An ode to Mr. Lonely

A blonde, bushy ponytail pulls his mop straight, revealing a pale forehead – a billboard endorsement for white-bread. His round glasses belong on the nose of a pre-Confederation country doctor. His hillbilly sideburns do not.

His name is Mr. Lonely and he plays a tinny piano for northern Ontario's most accomplished glam rock-star – an organist in a canuck-cabaret.

When he plays, it is as two parts.

His head is all-stoic. Far from the bawdy majesty centre stage, it sways and nods softly, channelling the two-dimensional spirit of Schroeder. But his concentration is no cartoon; his eardrums, his eyes, his throat – all go together as though joined with copper.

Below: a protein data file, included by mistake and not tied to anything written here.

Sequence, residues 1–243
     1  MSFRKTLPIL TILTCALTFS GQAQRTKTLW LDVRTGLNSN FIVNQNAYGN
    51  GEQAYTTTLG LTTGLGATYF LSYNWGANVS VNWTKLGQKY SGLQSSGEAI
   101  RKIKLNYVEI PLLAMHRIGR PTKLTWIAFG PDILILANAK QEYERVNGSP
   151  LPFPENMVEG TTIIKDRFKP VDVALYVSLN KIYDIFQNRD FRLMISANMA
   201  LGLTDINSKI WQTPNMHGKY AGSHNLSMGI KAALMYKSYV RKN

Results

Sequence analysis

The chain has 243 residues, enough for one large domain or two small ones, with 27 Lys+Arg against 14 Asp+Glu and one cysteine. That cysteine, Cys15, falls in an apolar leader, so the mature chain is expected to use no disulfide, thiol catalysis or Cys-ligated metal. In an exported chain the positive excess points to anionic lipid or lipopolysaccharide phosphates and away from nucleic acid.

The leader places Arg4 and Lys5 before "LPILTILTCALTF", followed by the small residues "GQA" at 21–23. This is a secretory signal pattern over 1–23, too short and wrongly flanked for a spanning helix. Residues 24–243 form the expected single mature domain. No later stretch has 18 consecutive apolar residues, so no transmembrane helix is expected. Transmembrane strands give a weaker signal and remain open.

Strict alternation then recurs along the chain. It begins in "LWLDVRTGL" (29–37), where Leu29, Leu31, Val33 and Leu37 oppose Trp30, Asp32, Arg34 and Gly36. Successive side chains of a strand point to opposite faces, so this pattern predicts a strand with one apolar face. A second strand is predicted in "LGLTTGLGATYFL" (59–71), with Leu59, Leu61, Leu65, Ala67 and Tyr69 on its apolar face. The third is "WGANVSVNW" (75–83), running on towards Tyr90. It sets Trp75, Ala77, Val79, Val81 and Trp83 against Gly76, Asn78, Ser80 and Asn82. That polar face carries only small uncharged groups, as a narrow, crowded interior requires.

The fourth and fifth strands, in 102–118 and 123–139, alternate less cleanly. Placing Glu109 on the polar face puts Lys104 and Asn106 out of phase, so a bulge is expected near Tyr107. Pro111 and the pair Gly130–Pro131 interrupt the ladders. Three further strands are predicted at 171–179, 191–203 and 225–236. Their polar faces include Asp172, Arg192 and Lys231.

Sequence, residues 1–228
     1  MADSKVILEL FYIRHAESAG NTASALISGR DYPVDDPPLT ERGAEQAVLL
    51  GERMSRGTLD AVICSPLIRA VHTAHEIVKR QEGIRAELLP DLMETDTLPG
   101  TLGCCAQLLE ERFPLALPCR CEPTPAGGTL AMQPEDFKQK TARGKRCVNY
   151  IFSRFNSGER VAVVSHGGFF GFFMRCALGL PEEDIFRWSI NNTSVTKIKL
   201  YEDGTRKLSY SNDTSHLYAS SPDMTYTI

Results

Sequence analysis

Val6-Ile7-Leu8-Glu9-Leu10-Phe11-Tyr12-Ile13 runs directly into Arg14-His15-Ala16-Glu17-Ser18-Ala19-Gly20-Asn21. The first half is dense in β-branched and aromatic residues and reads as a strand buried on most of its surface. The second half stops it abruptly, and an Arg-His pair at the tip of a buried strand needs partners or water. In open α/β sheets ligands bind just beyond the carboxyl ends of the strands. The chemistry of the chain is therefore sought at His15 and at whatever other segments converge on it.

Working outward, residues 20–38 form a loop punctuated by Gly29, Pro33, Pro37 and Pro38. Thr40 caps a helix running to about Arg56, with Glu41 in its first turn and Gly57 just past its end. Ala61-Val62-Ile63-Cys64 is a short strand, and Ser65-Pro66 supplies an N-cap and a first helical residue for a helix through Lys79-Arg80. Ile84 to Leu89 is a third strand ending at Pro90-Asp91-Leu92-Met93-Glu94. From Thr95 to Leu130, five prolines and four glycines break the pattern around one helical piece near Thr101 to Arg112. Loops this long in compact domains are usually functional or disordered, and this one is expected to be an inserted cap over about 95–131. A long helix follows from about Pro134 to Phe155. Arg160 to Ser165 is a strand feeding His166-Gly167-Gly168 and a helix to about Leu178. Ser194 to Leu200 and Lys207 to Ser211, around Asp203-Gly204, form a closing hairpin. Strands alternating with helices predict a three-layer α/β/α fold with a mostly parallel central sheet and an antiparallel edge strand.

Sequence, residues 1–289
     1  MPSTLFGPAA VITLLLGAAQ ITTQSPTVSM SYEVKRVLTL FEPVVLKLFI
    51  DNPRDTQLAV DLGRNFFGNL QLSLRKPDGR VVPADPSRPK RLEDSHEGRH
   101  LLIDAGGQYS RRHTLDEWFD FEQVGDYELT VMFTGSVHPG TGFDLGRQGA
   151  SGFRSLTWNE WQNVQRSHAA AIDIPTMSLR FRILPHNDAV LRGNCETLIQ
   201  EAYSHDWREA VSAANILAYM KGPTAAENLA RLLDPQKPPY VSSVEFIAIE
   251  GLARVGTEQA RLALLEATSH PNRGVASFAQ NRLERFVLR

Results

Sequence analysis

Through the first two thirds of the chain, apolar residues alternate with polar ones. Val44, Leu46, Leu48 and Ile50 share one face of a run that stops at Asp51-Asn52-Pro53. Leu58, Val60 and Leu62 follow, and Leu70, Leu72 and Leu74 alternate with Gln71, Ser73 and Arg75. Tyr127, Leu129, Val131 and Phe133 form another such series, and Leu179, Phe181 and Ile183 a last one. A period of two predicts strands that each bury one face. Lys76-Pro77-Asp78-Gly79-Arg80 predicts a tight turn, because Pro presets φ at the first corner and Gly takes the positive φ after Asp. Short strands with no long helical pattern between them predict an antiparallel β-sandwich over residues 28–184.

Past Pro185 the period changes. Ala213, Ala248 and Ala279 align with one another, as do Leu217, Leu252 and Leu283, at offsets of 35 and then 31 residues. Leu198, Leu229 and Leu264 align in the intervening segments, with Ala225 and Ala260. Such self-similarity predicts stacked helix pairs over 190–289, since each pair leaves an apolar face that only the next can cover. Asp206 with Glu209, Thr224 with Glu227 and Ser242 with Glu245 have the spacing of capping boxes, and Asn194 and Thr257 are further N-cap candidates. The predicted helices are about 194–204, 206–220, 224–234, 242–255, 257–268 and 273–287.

That part of him is as spiritually solid as a maple; as a tree whose crooked twigs skip and quiver with every rising wind.

Ten crooked twigs: tapping and sliding, stabbing and soaring. Their little frenzy powers the outward spectacle.

And then, when the encores are over and the bathrooms get busy, Mr. Lonely is often found near the door, fingers, hands, head, hair – all hopelessly lost amongst the glittery groupies.

-- Mr. Lonely, aka, Todd Lumley, is a Canadian pianist best known for his work with Hawksley Workman. In December 2001, I passed him on a street in Paris, but did not introduce myself. I wrote this in 2006.